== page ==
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Running May Help Slow Cancer Growth, Suggests New Mice Study

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Running can help slow down cancer growth. A mice study has found that running-related adrenaline surge in mice helped mobilize the natural killer (NK) immune cells in the bloodstream to attack tumors.

Previous studies concluded that NK immune cells can help regulate tumor sizes. The new study focused on how exercise can promote the NK immune cells' tumor infiltration. The genetically modified mice were injected with adrenaline to copy its effect during exercise. The adrenaline helped mobilize the NK immune cells and they move towards the tumors.

"We already know that exercise has an impact on natural killer cell activity, but this is the first time anyone has shown it's directly involved in helping them invade tumors," said Lee Jones from the Memorial Sloan Kettering Cancer Center.

In the study, the mice that ran on the wheels showed a decrease in the tumor growth, which is comparable to a 50 percent decrease in tumor size. The second phase of the study involved taking out the NK immune cells from a group of mice to analyze if its presence at the tumor sites are directly associated with the reduction.

Despite the presence of other immune cells and exercise, the tumors continued to grow at a normal rate with the NK immune cells. When the researchers blocked adrenaline's function, they found a decrease in the tumor-killing benefits of exercise. The research was published in the journal Cell Metabolism on Feb. 16.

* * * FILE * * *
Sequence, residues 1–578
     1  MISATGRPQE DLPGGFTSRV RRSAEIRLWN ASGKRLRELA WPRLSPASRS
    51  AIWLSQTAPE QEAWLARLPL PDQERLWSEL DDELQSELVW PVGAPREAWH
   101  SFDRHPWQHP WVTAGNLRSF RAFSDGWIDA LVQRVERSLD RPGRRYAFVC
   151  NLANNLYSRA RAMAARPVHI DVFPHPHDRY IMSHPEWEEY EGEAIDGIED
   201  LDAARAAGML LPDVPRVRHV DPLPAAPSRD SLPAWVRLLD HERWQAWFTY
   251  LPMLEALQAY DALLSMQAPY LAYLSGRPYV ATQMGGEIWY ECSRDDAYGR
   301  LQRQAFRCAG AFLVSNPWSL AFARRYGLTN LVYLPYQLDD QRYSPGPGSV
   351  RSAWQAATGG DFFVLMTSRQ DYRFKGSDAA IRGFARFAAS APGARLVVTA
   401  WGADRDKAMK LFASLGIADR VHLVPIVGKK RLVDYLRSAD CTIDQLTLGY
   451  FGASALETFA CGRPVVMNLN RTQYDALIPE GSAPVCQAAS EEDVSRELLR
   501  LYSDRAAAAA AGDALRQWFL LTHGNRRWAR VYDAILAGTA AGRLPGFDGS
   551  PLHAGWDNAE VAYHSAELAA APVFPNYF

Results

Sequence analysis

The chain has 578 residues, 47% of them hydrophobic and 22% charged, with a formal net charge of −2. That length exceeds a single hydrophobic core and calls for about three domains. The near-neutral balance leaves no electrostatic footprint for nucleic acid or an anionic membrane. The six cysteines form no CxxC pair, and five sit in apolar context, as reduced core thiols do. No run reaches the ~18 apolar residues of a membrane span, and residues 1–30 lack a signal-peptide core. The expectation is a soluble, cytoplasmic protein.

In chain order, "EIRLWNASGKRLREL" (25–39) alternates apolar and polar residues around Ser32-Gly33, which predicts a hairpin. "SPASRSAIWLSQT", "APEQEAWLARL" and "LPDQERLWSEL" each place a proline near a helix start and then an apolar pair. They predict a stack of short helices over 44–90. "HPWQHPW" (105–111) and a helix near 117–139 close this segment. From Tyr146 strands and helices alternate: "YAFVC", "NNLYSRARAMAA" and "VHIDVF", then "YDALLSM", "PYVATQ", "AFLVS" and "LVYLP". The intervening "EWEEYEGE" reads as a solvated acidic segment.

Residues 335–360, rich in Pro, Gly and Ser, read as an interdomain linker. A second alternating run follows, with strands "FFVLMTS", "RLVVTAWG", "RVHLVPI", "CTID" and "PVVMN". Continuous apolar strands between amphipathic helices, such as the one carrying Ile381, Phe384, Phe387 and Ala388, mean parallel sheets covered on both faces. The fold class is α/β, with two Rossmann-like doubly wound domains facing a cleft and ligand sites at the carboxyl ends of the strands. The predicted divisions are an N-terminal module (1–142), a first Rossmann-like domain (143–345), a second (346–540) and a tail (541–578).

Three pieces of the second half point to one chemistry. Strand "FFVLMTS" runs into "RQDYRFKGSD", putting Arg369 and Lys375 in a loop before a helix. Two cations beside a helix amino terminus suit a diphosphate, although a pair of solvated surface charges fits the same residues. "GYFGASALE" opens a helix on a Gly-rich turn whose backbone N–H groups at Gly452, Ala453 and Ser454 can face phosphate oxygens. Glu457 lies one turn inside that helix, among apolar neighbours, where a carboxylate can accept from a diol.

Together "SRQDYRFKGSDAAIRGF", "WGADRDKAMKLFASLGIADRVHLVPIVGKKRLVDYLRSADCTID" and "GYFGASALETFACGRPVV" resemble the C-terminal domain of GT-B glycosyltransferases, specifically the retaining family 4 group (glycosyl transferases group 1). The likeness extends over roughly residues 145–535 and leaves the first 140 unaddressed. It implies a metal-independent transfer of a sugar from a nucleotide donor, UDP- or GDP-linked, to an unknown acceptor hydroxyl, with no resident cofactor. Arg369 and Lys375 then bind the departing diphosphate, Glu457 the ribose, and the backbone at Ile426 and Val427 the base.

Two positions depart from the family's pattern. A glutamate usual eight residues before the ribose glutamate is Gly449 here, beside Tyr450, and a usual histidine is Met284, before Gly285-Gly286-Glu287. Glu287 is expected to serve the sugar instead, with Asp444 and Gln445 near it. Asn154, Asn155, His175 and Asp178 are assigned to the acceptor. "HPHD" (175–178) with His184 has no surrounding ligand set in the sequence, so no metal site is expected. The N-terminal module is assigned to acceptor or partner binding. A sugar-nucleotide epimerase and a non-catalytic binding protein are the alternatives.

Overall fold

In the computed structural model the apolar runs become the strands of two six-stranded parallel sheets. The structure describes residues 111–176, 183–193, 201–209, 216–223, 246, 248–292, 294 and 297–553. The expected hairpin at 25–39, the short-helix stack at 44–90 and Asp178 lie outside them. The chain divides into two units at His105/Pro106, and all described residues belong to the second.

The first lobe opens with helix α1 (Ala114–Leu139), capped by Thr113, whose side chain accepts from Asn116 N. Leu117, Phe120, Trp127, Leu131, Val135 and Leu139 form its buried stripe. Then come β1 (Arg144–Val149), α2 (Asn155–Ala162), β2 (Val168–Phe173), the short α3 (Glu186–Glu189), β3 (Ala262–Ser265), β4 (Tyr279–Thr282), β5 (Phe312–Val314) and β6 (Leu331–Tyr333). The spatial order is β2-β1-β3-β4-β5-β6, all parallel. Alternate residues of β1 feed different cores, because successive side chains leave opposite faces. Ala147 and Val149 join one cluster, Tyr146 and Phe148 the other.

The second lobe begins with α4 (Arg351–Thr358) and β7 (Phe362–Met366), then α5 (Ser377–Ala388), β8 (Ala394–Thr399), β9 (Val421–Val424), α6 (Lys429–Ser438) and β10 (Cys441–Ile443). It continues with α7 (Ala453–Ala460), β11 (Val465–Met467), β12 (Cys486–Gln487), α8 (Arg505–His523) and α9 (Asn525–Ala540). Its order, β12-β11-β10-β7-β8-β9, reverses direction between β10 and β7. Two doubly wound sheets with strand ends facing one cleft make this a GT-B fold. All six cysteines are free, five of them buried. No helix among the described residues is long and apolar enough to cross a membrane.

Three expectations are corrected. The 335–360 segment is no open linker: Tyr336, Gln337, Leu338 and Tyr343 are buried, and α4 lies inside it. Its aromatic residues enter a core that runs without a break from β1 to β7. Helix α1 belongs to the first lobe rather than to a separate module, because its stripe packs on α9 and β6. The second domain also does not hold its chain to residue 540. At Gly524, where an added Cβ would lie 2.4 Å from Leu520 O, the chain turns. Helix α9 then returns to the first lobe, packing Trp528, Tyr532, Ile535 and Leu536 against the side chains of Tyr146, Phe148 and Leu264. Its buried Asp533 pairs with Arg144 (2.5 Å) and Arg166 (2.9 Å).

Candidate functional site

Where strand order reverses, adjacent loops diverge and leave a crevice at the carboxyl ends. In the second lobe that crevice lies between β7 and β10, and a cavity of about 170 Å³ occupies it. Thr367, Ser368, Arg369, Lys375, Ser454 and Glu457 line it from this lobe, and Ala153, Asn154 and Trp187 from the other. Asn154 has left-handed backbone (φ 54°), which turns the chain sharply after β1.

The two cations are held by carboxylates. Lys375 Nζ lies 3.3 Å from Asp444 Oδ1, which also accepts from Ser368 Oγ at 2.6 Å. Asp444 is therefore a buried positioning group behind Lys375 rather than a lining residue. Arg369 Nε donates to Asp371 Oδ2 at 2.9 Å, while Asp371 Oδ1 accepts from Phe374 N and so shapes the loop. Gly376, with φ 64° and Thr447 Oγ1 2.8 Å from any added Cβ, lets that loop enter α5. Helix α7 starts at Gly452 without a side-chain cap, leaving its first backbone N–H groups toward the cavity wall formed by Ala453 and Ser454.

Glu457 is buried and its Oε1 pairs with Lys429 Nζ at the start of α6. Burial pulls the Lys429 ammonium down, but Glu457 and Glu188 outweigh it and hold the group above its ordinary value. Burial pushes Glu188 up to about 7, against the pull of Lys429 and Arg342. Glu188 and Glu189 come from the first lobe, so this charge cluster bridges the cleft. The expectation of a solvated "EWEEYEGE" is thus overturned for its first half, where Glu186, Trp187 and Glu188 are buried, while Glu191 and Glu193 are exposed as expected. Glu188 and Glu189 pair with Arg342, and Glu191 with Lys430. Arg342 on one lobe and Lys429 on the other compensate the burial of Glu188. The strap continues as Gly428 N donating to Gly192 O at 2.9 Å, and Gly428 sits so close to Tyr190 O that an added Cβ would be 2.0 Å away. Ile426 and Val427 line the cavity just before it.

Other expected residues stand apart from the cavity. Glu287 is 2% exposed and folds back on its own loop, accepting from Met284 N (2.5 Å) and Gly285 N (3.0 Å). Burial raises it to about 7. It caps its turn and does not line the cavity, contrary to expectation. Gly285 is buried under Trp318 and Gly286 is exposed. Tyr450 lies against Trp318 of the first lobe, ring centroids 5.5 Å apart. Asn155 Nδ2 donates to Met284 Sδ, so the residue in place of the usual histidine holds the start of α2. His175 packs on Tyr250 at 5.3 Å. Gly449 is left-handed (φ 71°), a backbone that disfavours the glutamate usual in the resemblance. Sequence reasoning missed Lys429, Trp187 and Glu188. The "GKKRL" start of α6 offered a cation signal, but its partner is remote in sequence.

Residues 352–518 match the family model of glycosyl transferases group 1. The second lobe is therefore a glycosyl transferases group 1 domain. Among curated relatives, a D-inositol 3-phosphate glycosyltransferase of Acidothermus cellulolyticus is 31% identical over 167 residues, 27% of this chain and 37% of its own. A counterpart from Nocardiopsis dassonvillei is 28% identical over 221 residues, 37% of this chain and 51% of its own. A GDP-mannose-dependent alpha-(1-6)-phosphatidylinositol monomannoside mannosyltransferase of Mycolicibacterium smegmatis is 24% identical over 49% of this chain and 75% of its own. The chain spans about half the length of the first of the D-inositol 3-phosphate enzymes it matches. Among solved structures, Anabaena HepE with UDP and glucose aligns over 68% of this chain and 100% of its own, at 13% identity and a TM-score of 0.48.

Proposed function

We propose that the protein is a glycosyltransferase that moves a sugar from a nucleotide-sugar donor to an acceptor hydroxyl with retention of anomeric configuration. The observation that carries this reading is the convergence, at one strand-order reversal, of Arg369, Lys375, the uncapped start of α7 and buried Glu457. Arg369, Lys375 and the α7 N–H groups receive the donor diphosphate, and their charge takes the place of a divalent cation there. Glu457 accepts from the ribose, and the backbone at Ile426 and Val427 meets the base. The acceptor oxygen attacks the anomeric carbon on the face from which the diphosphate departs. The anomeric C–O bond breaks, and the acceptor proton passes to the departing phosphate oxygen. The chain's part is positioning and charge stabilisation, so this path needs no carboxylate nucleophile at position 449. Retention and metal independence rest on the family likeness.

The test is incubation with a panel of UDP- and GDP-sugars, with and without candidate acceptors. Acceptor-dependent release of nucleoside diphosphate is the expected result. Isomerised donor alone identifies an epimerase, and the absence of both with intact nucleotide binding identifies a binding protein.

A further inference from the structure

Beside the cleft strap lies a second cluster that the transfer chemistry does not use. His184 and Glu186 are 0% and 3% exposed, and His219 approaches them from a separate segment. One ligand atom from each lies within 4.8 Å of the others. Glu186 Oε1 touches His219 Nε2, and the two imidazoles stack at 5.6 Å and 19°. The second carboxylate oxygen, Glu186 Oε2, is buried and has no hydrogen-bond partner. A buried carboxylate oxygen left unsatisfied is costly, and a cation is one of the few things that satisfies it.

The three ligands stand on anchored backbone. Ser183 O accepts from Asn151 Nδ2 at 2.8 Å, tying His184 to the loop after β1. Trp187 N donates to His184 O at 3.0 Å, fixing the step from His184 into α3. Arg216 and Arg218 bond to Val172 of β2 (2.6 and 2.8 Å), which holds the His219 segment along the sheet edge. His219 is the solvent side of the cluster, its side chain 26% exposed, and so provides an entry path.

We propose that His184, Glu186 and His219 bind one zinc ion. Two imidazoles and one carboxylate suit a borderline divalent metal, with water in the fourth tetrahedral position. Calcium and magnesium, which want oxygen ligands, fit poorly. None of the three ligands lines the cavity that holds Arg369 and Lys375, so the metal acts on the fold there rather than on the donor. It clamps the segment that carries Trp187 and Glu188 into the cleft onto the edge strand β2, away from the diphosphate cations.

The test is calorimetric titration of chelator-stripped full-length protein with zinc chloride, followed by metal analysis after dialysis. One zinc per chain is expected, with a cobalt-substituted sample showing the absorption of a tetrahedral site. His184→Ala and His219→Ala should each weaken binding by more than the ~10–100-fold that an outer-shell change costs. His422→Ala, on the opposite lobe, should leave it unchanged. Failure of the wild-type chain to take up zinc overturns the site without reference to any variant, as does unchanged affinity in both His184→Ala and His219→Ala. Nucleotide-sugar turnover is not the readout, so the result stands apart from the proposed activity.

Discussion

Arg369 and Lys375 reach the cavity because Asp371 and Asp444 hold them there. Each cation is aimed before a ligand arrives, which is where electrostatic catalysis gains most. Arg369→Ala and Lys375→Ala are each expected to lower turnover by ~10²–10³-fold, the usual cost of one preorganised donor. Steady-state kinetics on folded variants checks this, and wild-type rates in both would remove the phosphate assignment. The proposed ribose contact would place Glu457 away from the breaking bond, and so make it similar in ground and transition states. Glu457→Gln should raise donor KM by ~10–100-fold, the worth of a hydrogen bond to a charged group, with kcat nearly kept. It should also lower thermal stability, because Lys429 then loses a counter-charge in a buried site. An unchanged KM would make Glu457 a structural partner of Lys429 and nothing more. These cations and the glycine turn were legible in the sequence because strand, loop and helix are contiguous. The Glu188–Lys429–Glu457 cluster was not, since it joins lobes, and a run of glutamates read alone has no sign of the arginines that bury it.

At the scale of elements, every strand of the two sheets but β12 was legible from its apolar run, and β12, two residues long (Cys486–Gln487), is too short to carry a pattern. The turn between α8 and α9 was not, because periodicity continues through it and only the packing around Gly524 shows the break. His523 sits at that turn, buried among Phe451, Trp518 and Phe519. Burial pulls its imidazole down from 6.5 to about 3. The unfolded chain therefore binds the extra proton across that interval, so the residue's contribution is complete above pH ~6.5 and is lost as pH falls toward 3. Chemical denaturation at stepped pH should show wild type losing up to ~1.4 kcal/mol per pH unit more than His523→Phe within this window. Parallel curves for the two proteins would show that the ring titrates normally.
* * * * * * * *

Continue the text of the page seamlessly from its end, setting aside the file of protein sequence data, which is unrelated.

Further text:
Moreover, they found that IL-6, a molecule that signals the immune response, connects the adrenaline-based movement of NK immune cells and its tumor-killing activity.

"In this study we show that the exercise-induced IL-6 seems to play a role in homing of NK cells to the tumor and also in the activation of those NK cells," said senior study author Pernille Hojman from the University of Copenhagen.

Cancer patients often ask how intense they should exercise. The study results suggested that a relatively high intensity exercise can be beneficial in order to produce a surge of adrenaline and recruit the NK immune cells to target tumors.

The tumors in the mice study didn't shrink because of the exercise, rather, the adrenaline-based movement of the NK immune cells helped slow down the growth rate. The findings can lead to improved and new cancer treatments as well as prevention and relapse therapies. However, more research is needed to analyze exercise's effects on longevity and metastatic cancer growth.

Photo: Francisco Osorio | Flickr

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